Wisconsin's Supreme Court announced Wednesday that it will uphold the previous ruling for parents Leilani and Dale Neumann, who were convicted of second degree reckless homicide in 2009 after the death of their 11-year-old daughter. They couple had refused to seek medical treatment for their daughter due to their religious beliefs.
The couple, who identified themselves as Pentecostal Christians from the rural Weston area of the state, gained national media coverage in 2008 when they failed to seek medical care for their daughter, Madeline Kara Neumann, who died of an acute diabetic reaction.
The parents admitted in court that due to their religious beliefs, they chose to pray over Madeline instead of seek medical help because seeking professional aid would be seen as a betrayal to God and his ability to cure the sick.
Attorneys for the Neumanns sought to argue to the state's Supreme Court that their clients were wrongfully convicted of second degree homicide because Wisconsin's statute grants legal protection to religious parents who seek to heal their child spiritually, instead of medically.
The lawyers defending the Neumanns argued that the statute is unclear about when this legal protection ends and the parents are required to seek medical help for their child in order to avoid criminal charges.
State attorneys argued, however, that although the state statute protects parents from child abuse charges, it does not protect them from homicide charges. The Neumanns should have sought medical attention because their child exhibited obvious signs of extreme illness nearing death, including an inability to walk and talk, they contended.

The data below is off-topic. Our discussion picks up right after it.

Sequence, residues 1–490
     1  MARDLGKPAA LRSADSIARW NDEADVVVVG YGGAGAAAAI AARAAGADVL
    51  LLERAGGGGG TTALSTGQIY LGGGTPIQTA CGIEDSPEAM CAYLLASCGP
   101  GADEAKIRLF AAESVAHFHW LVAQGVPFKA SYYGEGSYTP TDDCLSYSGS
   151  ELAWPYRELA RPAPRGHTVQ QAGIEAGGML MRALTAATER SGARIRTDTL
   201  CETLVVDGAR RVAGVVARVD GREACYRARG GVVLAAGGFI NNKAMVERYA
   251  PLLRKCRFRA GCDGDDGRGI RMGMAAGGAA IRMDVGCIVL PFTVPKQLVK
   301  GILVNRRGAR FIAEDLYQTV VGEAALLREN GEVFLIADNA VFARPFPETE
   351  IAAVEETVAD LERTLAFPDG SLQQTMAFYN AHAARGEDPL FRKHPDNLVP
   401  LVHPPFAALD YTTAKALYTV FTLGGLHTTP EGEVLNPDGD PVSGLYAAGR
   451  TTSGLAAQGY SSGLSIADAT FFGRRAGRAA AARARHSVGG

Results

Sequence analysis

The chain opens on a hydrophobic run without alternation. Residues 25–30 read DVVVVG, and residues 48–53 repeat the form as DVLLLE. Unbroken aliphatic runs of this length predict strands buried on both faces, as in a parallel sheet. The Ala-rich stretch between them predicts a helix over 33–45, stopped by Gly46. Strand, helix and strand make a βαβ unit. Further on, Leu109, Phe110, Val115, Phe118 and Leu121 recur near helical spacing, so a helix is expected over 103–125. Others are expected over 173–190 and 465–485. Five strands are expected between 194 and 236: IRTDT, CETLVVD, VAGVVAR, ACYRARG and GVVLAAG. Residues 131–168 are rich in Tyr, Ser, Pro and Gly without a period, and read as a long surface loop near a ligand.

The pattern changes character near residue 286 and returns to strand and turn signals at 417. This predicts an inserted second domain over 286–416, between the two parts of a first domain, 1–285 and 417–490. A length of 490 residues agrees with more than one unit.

In a 6-1 vote on Wednesday, the Wisconsin justices sided with state attorneys, saying in the decision that the extreme condition of the sick child should have indicated to the Neumanns that she was nearing death.
"The juries could reasonably find that by failing to call for medical assistance when Kara was seriously ill and in a coma-like condition for 12 to 14 hours, the parents were creating an unreasonable and substantial risk of Kara's death, were subjectively aware of that risk, and caused her death," Chief Justice Shirley Abrahamson wrote for the majority, as reported by The Associated Press.
Additionally, according to Reuters, the justices ruled that the state statutes regarding legal protection for faith-healing parents "provide sufficient notice that the parents' conduct could have criminal consequences if their daughter died."
The Neumanns were initially convicted of second degree reckless homicide in 2009 by two separate juries.
Although the couple could have received maximum prison sentences of 25 years each for their conviction, they instead received a sentence of 30 days in jail each year for the next six years and a 10-year probation, as they have two surviving children at home.
When the Neumanns sought to appeal their initial conviction, their case skipped the 3rd District of Appeals and went straight to the Supreme Court.
The one justice who did not vote to uphold the earlier court ruling, David Prosser, argued in a statement reported by AP that the state statute regarding criminal immunity for faith-healing parents is unclear as to what extent parents are protected from criminal charges.
According to a previous article by the Wassau Daily Herald, studies on faith-healing deaths conducted by Shawn Francis Peters, a University of Wisconsin lecturer, show that roughly one dozen children die in the U.S. per year due to parents using faith-healing practices instead of seeking medical help.
Currently, 31 states offer some form of protection from child abuse charges for parents who wish to practice faith-healing due to their religious convictions.